In March, U.S. Senators Rob Portman (R-Ohio) and Chris Murphy (D-Conn.) introduced another legislation to help American allies counter foreign government propaganda from Russia, China, and other nations. The Countering Information Warfare Act of 2016 Introducing the bill, Senator Portman observed that “there is currently no single U.S. governmental agency or department charged with the national level development, integration and synchronization of whole-of-government strategies to counter foreign propaganda and disinformation.”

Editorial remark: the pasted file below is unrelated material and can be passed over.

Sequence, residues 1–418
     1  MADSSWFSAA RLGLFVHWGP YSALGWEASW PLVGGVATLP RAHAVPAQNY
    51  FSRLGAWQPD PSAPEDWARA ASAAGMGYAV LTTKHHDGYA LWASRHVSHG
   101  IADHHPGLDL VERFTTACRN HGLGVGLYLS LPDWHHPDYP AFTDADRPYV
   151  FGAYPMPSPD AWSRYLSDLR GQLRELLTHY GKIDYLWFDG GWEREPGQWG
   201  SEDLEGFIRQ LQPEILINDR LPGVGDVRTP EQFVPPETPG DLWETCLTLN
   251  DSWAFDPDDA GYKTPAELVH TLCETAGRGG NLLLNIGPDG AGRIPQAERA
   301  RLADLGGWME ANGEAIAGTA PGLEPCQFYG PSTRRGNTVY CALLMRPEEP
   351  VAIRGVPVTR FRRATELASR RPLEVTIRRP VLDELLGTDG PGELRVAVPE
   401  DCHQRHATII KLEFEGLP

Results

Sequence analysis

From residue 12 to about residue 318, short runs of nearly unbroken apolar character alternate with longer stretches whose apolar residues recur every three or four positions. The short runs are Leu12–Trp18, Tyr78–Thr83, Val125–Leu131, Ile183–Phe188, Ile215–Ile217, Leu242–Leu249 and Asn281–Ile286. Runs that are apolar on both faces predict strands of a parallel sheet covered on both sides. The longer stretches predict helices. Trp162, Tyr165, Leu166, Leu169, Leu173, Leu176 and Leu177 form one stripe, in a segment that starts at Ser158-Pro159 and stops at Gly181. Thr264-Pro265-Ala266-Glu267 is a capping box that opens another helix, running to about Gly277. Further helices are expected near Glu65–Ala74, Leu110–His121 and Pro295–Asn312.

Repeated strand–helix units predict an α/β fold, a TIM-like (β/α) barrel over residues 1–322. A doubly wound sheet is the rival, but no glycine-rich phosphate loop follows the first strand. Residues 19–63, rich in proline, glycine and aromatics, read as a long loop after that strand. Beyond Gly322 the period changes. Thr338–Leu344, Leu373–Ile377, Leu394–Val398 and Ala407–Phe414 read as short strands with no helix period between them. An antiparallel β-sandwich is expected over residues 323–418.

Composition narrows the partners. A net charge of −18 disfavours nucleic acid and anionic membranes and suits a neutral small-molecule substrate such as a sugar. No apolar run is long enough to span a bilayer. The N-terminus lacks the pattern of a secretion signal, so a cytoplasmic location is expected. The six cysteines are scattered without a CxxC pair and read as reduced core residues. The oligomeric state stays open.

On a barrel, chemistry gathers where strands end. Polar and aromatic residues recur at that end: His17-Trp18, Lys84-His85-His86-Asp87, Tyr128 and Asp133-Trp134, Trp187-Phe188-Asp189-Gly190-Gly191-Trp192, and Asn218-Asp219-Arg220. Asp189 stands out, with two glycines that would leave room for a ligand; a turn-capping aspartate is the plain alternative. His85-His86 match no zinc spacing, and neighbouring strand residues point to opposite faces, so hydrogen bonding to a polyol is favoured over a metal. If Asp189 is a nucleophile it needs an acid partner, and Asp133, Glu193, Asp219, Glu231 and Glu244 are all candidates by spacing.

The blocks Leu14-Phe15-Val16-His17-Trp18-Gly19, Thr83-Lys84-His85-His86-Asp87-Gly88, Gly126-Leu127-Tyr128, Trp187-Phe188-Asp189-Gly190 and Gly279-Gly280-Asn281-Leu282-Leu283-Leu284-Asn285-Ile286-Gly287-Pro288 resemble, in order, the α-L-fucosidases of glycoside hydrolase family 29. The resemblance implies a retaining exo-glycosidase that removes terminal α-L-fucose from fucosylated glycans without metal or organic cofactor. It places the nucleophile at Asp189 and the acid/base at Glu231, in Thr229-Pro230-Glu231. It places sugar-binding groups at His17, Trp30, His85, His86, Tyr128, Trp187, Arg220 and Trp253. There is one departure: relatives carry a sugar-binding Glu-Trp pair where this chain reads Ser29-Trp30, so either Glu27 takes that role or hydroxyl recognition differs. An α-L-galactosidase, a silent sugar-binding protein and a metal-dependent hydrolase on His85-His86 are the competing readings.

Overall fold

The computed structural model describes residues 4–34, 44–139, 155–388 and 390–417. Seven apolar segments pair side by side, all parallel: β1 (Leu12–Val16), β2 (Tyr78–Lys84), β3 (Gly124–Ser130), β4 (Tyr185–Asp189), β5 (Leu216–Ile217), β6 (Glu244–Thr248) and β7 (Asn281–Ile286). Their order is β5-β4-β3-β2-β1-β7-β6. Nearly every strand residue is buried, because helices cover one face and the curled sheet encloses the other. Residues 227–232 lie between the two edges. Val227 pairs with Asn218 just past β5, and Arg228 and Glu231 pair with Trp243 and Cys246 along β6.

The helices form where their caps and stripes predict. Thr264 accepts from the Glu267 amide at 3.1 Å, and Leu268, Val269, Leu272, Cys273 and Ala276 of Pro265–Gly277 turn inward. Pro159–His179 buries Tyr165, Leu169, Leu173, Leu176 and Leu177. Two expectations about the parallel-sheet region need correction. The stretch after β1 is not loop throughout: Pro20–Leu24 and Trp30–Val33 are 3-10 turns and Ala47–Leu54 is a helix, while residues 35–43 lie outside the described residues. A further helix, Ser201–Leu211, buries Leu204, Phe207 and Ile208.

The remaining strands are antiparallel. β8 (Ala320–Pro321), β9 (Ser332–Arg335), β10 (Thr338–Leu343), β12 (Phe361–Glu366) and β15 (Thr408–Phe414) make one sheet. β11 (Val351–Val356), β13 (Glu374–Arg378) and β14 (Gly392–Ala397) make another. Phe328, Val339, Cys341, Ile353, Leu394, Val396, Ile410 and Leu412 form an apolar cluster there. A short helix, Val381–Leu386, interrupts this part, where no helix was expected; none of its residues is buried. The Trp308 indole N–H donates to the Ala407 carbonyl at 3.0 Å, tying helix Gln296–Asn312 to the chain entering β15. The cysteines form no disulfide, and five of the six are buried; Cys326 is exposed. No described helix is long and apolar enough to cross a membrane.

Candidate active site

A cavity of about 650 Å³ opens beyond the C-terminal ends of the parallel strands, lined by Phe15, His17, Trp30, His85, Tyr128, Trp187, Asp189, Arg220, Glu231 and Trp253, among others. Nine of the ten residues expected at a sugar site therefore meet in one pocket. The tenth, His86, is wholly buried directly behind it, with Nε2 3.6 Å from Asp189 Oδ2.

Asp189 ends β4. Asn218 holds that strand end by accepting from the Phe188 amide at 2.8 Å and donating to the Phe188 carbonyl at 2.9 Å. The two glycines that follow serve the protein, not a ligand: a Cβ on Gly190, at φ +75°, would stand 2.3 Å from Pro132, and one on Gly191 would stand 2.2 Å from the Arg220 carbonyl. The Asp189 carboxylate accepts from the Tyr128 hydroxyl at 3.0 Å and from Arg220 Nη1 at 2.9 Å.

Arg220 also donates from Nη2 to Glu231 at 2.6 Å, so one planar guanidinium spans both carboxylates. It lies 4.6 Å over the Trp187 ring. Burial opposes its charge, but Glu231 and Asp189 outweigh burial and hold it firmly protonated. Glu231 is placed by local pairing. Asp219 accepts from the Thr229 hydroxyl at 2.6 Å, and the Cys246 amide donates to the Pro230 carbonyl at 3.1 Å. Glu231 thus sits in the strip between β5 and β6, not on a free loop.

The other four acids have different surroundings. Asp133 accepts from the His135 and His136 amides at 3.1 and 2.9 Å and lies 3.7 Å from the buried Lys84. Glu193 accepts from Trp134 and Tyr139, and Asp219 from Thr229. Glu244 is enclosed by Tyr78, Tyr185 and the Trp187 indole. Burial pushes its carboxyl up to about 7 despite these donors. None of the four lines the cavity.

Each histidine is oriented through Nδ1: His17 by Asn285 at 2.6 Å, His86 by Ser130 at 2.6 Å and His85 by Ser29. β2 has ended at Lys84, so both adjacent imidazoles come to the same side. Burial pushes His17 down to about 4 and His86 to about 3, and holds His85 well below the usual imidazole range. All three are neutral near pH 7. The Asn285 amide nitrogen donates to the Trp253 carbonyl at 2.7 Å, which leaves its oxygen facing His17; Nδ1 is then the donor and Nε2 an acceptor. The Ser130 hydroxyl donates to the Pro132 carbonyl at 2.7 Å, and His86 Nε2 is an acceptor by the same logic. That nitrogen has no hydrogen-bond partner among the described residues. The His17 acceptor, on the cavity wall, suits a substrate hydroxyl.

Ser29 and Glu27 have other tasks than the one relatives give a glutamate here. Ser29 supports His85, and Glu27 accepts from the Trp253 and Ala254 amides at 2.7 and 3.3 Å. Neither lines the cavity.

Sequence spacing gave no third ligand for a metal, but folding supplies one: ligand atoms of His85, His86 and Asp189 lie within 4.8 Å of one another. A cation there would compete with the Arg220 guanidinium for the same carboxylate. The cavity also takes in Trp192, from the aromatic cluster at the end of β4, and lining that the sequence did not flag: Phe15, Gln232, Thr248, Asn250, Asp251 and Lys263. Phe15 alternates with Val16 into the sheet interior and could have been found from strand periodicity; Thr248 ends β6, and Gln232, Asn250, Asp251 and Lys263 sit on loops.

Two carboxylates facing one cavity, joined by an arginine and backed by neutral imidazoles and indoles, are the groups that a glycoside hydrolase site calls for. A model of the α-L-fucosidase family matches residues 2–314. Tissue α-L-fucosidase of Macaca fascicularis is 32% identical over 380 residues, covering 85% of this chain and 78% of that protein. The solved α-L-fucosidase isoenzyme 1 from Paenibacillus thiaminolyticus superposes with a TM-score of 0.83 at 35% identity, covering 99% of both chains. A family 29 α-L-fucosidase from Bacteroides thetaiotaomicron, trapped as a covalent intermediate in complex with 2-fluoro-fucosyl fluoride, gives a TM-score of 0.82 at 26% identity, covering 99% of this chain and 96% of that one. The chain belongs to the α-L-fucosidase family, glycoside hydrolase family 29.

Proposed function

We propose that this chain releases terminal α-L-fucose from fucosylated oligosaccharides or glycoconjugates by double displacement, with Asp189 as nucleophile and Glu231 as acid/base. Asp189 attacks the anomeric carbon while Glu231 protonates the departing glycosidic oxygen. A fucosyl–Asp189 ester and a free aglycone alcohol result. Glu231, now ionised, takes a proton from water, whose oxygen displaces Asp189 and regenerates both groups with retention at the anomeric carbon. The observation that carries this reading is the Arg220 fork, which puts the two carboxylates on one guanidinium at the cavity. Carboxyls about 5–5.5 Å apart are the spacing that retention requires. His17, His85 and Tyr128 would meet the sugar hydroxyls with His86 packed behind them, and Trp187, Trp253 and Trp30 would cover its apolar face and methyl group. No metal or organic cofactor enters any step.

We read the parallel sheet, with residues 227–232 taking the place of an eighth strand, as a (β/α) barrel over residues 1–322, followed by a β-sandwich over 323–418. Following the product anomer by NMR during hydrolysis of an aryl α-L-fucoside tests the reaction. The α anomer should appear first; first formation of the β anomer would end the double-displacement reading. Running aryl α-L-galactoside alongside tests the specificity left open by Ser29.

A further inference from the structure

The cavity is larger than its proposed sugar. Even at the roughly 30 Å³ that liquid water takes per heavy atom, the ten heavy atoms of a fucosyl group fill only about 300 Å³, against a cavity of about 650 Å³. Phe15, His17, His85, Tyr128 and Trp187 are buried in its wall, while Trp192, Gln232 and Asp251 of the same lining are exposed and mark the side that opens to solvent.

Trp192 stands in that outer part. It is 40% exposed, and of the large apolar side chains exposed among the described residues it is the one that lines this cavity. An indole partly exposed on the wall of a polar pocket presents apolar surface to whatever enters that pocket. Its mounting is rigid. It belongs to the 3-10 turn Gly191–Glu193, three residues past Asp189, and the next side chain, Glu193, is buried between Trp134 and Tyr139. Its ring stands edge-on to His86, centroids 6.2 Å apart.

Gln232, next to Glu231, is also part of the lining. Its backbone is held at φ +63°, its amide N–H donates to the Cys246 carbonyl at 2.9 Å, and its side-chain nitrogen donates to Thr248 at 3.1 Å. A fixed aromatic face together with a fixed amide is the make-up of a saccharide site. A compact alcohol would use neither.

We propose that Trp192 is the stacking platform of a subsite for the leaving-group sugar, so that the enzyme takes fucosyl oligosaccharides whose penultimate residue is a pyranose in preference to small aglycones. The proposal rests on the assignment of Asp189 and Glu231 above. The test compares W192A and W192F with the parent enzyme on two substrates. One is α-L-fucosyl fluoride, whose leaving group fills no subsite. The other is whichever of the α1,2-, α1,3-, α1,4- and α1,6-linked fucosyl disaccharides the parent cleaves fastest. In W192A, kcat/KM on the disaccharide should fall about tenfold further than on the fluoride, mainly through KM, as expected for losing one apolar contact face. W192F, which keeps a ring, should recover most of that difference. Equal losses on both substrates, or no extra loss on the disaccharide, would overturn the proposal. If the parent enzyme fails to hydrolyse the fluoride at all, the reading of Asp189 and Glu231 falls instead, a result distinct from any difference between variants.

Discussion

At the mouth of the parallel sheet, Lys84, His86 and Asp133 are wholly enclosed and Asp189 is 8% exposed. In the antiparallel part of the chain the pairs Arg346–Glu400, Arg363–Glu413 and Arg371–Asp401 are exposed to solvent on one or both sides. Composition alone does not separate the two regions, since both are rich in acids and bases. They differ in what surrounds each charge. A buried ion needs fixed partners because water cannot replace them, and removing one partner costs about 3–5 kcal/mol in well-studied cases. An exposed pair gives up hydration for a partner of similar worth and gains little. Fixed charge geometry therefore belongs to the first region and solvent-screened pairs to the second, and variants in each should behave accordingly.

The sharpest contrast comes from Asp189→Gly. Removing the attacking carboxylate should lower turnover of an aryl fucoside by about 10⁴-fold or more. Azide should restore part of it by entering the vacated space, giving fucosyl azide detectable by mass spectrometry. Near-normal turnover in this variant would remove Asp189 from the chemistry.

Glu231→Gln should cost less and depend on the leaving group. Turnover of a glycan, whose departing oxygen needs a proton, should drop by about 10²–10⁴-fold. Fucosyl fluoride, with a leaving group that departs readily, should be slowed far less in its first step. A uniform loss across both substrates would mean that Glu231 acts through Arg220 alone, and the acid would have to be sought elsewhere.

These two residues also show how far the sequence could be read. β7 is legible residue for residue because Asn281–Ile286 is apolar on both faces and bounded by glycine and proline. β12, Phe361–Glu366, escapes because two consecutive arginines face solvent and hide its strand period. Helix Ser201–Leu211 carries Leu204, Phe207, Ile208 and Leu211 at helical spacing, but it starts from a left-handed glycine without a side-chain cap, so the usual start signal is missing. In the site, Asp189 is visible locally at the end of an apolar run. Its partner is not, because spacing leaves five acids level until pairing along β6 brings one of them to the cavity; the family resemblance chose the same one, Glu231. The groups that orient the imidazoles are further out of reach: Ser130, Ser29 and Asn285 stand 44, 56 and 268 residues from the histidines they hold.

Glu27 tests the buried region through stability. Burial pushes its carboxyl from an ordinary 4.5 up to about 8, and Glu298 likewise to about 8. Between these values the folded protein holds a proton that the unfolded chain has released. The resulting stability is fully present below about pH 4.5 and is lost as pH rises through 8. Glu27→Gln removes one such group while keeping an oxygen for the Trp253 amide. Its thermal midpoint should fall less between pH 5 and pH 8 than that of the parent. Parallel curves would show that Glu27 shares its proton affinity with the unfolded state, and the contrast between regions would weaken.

The Obama Administration is almost totally silent on the topic of the media outreach agency. In a sad commentary on their declining importance in Washington, the President does not mention the Broadcasting Board of Governors or Radio Free Europe/Radio Liberty when discussing U.S. efforts to counter the ideological threat from ISIL. In a recent meeting with BBG Chairman Jeff Shell, BBG’s new CEO (since September 2015) John Lansing and some of the BBG board members, Secretary of State John Kerry said “Today’s Broadcasting Board of Governors is not the BBG of a few years ago.” “I applaud the reforms that BBG’s new leadership has already taken, and I congratulate CEO John Lansing for the energy and enthusiasm he has brought to the organization,” Kerry, an ex officio BBG member, was quoted as saying. Lansing has introduced some improvements, but these are not institutional reforms that are likely to outlast him. The best he can do is to find excellent leaders for VOA and RFE/RL. The CEO is not subject to Senate confirmation. Under the centralized BBG-in-charge of everything model, the bureaucracy, or anyone who replaces Lansing, may have an easier time in the future to do whatever they want without effective policy guidance or quick accountability for their actions. Without a strong institutional patron, which USIA was for VOA and the Board for International Broadcasting (BIB) was for RFE/RL, U.S. international media has been losing domestic political support and international relevance under its part-time BBG board. One CEO cannot achieve strong political support for the organization in Washington.